Raven Saunders Q&A

Raven Saunders Q&A

Gatorade Player of the Year

Raven Saunders Q&A

Burke (Charleston, S.C.) senior Raven Saunders was today named the 2013-14 Gatorade National Track & Field Athlete of the Year. The 5-foot-5 teen set a national prep record at the Taco Bell Classic in April, launching the shot put 56 feet, 8.25 inches to break a mark set in 2003 by almost two feet. Saunders nearly matched that effort at the New Balance Nationals Outdoor, earning a national title with a throw of 56-7.5.

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She also captured gold twice at the Class AA state meet this spring, winning the discus with a throw of 148-5, to go with her shot put effort (55-8), which broke the all-class state record by 11 feet. Saunders hurled the discus a season-best 159-11, which ranked as the No. 10 performance in the nation among prep competitors in 2014 at the time of her selection.

Q: You entered the season with zero of the best prep throws of all time in the shot put and now own the top four throws in history (and six of the top 20). How do you explain that?

A: We did a lot of hard work over the summer, but we ourselves didn’t even know the progression was going where it ended up. I threw 46, then 48, then 50. But we didn’t know where we were or how far we had come until I threw at the New Balance Nationals Indoor and (National Scholastic Athletic Foundation Executive Director) Jim Spier told me I had the No. 4 (prep) throw of all-time. I said, ‘For South Carolina?’ and he said, ‘No, ever.’ That’s when I knew I was getting close, but we just sort of sheltered ourselves off and focused on continuing to improve.

Q: So, Raven’s a cool name. Does it come from the poem by Edgar Allan Poe?

A: I read that poem in AP English as a sophomore, but that’s not where I get my name. My mom tells me she drew the name of (actress) Raven-Symoné (of The Cosby Show fame) at her baby shower as a naming suggestion for me. She didn’t want to name me after an actress, so she just stuck with Raven.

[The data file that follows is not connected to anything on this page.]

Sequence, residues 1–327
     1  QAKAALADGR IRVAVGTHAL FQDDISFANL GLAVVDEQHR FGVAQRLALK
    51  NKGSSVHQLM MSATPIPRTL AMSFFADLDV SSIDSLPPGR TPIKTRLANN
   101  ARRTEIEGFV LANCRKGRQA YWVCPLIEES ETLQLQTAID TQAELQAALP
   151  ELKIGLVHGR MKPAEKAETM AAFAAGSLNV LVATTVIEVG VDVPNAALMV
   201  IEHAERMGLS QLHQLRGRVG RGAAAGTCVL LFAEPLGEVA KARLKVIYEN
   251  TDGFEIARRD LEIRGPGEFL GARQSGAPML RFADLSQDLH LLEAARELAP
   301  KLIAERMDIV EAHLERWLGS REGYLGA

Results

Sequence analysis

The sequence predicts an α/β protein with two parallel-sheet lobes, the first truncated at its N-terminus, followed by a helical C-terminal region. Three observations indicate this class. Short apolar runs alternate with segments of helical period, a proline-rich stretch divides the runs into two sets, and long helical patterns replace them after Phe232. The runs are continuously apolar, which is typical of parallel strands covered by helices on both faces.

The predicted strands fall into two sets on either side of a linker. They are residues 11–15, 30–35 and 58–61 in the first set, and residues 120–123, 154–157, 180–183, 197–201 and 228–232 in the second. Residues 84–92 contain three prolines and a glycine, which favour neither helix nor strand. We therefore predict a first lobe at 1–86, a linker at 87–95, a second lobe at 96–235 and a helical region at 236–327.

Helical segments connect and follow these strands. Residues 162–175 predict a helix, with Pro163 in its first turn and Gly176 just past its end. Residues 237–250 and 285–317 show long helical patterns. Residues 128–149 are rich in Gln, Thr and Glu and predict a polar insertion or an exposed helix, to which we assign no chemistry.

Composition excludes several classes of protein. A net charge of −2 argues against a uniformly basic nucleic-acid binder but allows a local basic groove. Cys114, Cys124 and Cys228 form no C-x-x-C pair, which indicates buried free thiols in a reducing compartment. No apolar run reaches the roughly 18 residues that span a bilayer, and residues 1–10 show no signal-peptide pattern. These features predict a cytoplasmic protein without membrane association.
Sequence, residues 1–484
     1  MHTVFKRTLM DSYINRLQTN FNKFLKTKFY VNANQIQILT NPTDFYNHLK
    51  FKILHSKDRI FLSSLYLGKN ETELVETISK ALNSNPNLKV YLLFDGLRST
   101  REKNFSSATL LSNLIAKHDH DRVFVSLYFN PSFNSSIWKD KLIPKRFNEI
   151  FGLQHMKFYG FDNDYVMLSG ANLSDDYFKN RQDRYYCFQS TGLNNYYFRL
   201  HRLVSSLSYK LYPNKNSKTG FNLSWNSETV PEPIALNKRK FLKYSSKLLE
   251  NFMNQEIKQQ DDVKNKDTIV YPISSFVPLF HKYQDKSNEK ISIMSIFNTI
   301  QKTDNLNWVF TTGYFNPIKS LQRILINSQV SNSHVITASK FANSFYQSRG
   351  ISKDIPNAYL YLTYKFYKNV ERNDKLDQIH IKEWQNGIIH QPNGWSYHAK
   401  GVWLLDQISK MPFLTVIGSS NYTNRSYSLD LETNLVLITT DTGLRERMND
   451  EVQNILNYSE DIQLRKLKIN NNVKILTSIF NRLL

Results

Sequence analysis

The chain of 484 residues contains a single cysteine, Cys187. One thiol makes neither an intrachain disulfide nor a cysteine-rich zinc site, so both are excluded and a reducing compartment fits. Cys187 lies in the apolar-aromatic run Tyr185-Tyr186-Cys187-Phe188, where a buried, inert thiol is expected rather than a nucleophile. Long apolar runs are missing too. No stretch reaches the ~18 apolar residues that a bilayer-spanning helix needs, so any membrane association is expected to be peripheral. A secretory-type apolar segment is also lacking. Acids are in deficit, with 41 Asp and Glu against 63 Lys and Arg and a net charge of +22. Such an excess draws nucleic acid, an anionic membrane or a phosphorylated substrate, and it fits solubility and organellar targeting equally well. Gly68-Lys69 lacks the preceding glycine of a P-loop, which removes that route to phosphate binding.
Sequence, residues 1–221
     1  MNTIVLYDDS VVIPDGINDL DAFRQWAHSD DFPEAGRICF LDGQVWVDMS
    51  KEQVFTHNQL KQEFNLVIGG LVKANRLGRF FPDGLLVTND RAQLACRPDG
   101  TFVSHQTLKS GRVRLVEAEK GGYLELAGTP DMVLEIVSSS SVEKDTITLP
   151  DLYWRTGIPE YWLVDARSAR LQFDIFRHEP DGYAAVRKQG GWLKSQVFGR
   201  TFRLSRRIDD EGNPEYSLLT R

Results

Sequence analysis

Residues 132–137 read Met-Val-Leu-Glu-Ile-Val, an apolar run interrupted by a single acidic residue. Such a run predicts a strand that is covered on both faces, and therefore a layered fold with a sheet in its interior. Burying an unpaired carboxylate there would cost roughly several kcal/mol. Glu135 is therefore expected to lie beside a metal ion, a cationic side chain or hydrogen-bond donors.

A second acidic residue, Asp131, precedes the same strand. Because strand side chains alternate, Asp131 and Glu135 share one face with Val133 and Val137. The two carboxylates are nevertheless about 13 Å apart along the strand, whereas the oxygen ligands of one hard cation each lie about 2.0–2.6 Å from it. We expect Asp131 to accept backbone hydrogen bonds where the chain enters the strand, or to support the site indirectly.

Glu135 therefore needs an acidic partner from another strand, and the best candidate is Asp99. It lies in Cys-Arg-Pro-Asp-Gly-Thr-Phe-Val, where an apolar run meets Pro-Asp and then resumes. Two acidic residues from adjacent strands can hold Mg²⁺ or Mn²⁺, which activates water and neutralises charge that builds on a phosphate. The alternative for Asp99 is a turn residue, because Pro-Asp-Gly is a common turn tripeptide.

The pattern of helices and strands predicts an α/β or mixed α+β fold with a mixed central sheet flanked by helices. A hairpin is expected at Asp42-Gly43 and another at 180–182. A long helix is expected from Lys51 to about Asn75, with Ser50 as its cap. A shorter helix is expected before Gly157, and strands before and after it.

Q: You’re headed off to the USATF Junior Outdoor Championships next week thanks to the Bishop England Track & Field community? Three months after their donation made your trip a reality, how to you feel about their generosity?

A: It was mind-blowing to benefit from that, but Bishop England has a long tradition of treating people well. They’re always a powerhouse athletically, but that community is always a classy opponent and a caring opponent. When they donated over $1,000 on my behalf, it was shocking. But at the same time, it wasn’t all that surprising because I know who they are. I was shocked at a gift of that size, but not that the people who gave it did so.

Q: You had an opportunity to throw at The Citadel (next door to Burke High) this year. How, specifically, did use of those facilities elevate your performance?

A: It was really important because over this year I switched from the glide to the spin technique. I really needed a smoother surface for the rotation. Having a real shot put green and not a cracked circle that we dug up from the 1960s that is continually covered in mud was huge. I wouldn’t have been able to spin otherwise and that was the key for me. I mean, I was throwing in cross trainers. I didn’t even have throwing shoes until after I’d thrown 53 feet, so a lot came together for me this year.

Q: Things weren’t ideal for you on multiple levels as a sophomore—grades, track & field, things at home—what was the key factor that enabled you to rise to the success you’re now enjoying?

A: Well, while junior year was even more challenging for me in my sport, sophomore year was challenging outside of sports. I had what I guess you would call a sophomore slump. I was going through the motions. It’s kind of foggy because I was so unfocused. But my coach sat me down and told me he wasn’t going to coach anyone who wasn’t going to work in the classroom. He told me if a teacher or counselor or the principal ever had to talk to him again about my grades, we were done. That snapped me into focus pretty good.

Q: You credit Communities in Schools South Carolina—a local chapter of a national organization that helps students who are academically at risk—with your turnaround in the classroom. In what ways did they help?

A: Katrina Bell and Robert Ellington (at CIS) really helped me out a lot. They were like guidance counselors. Any problem I had, even as a senior, they had my back with my busy schedule and offering me the help I needed. They didn’t just tell me what to do, they guided me.

Q: As of 2013, only 71.9 percent of black high school students in Charleston County were graduating from high school. Do you think the example you’ve set could provide and inspiration to teens at academic risk?

A: I do hope that it did. If I can help somebody, all this work has been worth it. I try to talk to underclassmen and tell them what they need to do. I like to see people succeed. I wouldn’t want to turn my back on education or live in poverty. Nobody deserves that, so we need to help as much as we can.

Q: You’re heading to Hollywood in three weeks where you’ll be celebrated along with Gatorade’s 11 other 2013-14 national winners in conjunction with the ESPY Awards. Can you even get your head around that?

A: You know, growing up, you see all that on TV and it’s not real. It’s like a fairy tale and you say, ‘I’ll probably never bee at something like that.’ It’s pretty mind-boggling. I walk around and realize that I’m just a regular person and I wonder sometimes why everyone is making a big deal of my shot put ability. But I’m blessed and I welcome it all.


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